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Trade Liberalisation, Poverty and Inequality in South Africa: A CGE-Microsimulation Analysis

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  • Nicolas Hérault

    (Centre d'Économie du Développement (IFReDE-GRES) Université Montesquieu Bordeaux IV and Melbourne Institute of Applied Economic and Social Research, The University of Melbourne)

Abstract

This paper aims to study the effects on poverty and income inequality of trade liberalisation in South Africa. This is achieved by using a micro-macro model. The main issue of interest is the effect of international trade on households (especially their income); some changes may contribute to reduce poverty while other changes could work against the poor. The approach presented in this paper relies on combining a macro-oriented computable general equilibrium (CGE) model and a microsimulation (MS) model. Combining these two models the microeconomic effects (on poverty and inequality) of a macroeconomic policy (trade liberalisation) can be analysed. The paper gives details about the MS model, the CGE model and the "top-down" approach used to link the two models. The main concern regarding poor households is whether the decrease in real (or nominal) earnings for formal low-skilled and skilled workers is offset by the upward trend in formal employment levels. This appears to be the case implying a decrease in poverty due to trade liberalisation. Although whites emerge as the main winners, the increase in inter-group inequality is more than compensated by the decrease in intra-group inequality.

Suggested Citation

  • Nicolas Hérault, 2005. "Trade Liberalisation, Poverty and Inequality in South Africa: A CGE-Microsimulation Analysis," Melbourne Institute Working Paper Series wp2005n17, Melbourne Institute of Applied Economic and Social Research, The University of Melbourne.
  • Handle: RePEc:iae:iaewps:wp2005n17
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    File URL: http://melbourneinstitute.unimelb.edu.au/downloads/working_paper_series/wp2005n17.pdf
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    References listed on IDEAS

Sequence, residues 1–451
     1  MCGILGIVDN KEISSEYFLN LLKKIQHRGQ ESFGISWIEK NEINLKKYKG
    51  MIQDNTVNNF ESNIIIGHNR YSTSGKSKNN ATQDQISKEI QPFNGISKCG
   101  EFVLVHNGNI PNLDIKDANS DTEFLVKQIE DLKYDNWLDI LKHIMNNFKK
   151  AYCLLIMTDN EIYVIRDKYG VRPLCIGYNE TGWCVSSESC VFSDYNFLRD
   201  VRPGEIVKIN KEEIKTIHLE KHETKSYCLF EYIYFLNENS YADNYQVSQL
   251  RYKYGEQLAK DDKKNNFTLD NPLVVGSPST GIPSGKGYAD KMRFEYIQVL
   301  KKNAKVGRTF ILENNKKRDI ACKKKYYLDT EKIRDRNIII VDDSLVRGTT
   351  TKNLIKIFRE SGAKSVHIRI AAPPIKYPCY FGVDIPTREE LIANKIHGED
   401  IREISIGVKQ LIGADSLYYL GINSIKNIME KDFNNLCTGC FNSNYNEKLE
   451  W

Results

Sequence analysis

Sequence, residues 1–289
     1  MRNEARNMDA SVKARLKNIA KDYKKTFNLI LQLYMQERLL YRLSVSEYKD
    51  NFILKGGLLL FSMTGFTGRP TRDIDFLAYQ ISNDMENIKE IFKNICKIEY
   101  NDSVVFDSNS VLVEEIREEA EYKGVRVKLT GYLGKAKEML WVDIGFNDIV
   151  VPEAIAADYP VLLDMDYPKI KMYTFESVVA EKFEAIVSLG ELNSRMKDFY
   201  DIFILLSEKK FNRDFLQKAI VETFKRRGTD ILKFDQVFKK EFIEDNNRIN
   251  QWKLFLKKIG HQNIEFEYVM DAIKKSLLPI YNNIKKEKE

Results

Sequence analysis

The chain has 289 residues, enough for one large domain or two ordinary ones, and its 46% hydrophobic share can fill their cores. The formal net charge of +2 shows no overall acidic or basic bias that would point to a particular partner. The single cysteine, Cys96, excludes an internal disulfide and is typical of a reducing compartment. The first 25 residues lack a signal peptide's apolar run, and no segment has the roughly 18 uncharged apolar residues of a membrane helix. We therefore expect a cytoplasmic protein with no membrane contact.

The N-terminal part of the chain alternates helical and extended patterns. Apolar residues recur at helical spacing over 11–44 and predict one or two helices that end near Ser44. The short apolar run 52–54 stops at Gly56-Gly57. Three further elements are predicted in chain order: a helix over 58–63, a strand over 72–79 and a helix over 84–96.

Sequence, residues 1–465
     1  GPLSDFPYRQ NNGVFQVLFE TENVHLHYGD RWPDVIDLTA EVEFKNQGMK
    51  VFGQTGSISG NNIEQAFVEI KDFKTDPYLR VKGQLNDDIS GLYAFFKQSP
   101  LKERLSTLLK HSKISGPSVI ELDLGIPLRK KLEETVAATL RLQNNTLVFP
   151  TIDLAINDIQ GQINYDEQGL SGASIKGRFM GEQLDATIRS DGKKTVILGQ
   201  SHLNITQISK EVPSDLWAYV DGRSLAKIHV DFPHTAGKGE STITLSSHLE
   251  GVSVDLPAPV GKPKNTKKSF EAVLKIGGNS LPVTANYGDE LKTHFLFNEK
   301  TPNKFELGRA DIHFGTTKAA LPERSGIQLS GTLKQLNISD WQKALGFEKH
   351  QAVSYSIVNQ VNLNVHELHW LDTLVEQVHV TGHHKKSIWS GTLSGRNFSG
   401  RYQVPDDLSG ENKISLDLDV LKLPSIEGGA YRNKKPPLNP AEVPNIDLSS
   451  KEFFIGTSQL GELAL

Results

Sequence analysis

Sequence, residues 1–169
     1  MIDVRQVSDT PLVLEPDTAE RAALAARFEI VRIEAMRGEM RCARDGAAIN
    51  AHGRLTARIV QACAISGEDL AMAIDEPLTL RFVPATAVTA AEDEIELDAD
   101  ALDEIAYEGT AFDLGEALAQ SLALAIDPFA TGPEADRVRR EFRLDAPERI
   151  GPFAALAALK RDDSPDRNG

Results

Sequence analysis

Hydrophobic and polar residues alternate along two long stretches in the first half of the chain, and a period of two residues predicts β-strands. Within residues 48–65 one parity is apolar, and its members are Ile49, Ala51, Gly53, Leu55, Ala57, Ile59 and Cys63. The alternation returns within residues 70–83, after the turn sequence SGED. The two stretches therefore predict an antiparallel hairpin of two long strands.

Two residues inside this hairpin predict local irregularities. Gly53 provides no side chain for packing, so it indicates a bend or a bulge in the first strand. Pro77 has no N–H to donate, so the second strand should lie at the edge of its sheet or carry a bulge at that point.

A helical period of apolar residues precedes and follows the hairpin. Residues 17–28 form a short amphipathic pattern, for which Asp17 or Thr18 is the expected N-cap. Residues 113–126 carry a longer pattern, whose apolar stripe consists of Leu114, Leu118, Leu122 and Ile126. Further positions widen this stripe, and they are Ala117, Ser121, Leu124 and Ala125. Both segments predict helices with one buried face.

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    1. World Bank, 2001. "Global Economic Prospects and the Developing Countries 2001," World Bank Publications, The World Bank, number 14779.
    2. John Cockburn, 2002. "Trade Liberalisation and Poverty in Nepal: A Computable General Equilibrium Micro Simulation Analysis," CSAE Working Paper Series 2002-11, Centre for the Study of African Economies, University of Oxford.
    3. By Gunnar Jonsson & Arvind Subramanian, 2001. "Dynamic Gains from Trade: Evidence from South Africa," IMF Staff Papers, Palgrave Macmillan, vol. 48(1), pages 1-8.
    4. Nicolas Hérault, 2005. "A Micro-Macro Model for South Africa: Building and Linking a Microsimulation Model to a CGE Model," Melbourne Institute Working Paper Series wp2005n16, Melbourne Institute of Applied Economic and Social Research, The University of Melbourne.
    5. Thurlow, James & van Seventer, Dirk Ernst, 2002. "A standard computable general equilibrium model for South Africa," TMD discussion papers 100, International Food Policy Research Institute (IFPRI).
    6. Servaas Van Der Berg & Megan Louw, 2004. "Changing Patterns Of South African Income Distribution: Towards Time Series Estimates Of Distribution And Poverty," South African Journal of Economics, Economic Society of South Africa, vol. 72(3), pages 546-572, September.
    7. Cogneau, Denis & Robilliard, Anne-Sophie, 2000. "Growth, distribution and poverty in Madagascar," TMD discussion papers 61, International Food Policy Research Institute (IFPRI).
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    Cited by:

    1. Nicolas Hérault, 2009. "Les apports de la micro-simulation aux modèles d’équilibre général : application au cas de l’Afrique du Sud," Économie et Prévision, Programme National Persée, vol. 187(1), pages 123-135.

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